Mobile network operators continue to cheer the growth of cellular-capable smartwatches. But analysts warn that the space can't really take off without better service pricing.
Research and consulting firm Strategy Analytics reported that global smartwatch shipments grew 20% in the first quarter of 2020 to reach a total of 14 million units. The firm added that Apple Watch maintained its first position with 55% of the market, with Samsung coming in second and Garmin third.
Strategy Analytics analyst Neil Mawston told Light Reading that roughly 22% of all smartwatches shipped worldwide contained cellular connectivity (mostly 4G) in the first quarter of 2020. "Consumers like the convenience of standalone 4G smartwatches that can be used without carrying a smartphone, but they dislike the higher monthly data prices and shorter battery life that can sometimes go with it," he explained.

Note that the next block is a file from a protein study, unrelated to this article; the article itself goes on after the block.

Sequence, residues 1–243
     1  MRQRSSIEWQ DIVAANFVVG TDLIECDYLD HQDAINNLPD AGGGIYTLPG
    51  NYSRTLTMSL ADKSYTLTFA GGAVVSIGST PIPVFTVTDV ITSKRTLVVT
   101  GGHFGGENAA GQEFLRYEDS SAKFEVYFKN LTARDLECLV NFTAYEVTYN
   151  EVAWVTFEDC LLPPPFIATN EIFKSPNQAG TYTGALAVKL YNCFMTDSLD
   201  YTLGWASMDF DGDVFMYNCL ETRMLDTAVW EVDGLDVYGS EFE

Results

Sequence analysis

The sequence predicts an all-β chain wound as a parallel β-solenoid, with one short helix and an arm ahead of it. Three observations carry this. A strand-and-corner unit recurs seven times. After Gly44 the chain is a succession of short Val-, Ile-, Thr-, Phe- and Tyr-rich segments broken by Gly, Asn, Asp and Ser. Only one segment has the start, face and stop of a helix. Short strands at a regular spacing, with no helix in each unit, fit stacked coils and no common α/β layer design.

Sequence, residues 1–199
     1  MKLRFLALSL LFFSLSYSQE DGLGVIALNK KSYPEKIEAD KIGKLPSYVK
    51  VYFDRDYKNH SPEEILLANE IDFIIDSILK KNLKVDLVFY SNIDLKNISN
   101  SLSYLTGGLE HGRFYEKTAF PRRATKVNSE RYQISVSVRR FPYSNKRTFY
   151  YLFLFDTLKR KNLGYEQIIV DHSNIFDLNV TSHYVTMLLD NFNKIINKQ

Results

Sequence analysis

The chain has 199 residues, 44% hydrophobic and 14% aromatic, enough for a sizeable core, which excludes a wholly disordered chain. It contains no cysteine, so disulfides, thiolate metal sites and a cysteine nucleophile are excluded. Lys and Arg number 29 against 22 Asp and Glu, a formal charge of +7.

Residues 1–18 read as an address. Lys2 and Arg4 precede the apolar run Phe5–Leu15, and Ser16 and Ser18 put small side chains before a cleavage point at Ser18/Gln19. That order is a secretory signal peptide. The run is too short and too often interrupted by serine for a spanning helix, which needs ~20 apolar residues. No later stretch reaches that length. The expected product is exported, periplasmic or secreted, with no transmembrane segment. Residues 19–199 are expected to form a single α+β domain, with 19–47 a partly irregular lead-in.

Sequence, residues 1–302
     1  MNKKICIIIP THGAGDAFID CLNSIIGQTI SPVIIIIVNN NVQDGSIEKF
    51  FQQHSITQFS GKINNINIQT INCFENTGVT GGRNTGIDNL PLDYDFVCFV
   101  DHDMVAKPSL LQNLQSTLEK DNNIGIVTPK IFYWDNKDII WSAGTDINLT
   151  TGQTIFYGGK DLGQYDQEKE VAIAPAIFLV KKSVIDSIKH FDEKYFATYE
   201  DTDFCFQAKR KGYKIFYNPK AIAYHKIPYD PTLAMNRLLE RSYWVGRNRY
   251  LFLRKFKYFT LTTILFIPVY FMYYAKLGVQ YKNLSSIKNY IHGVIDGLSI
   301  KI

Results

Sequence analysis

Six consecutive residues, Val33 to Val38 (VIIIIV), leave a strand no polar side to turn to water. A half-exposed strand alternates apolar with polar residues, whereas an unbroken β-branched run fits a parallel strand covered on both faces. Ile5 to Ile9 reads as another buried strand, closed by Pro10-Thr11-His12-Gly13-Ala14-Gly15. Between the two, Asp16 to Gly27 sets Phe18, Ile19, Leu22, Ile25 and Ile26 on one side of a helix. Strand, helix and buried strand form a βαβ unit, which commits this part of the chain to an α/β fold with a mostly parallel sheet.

The growth in smartwatch sales is certainly something mobile network operators are watching. For example, T-Mobile reported growth in its average revenues per account "due to the growing success of wearables, specifically the Apple Watch, and other connected devices." T-Mobile charges customers an extra $10 per month to connect a smart watch to their account.
While operators are clearly excited about the possibility of extra revenues from the sale of connections to devices such as smartwatches and tablets, Strategy Analytics' Mawston warned this is exactly what could dampen the overall opportunity in the space.
"Cellular penetration of global smartwatch shipments this year will 'grow but slow,'" he explained. "The price of 4G smart watches and 4G data plans will need to be reduced or subsidized if US mobile carriers really want the segment to take off."
It's unlikely this situation will change with the arrival of 5G. For example, Verizon is hoping to charge most customers $10 per month extra for 5G access, though it's likely waiting to expand its 5G coverage area before widely instituting that surcharge.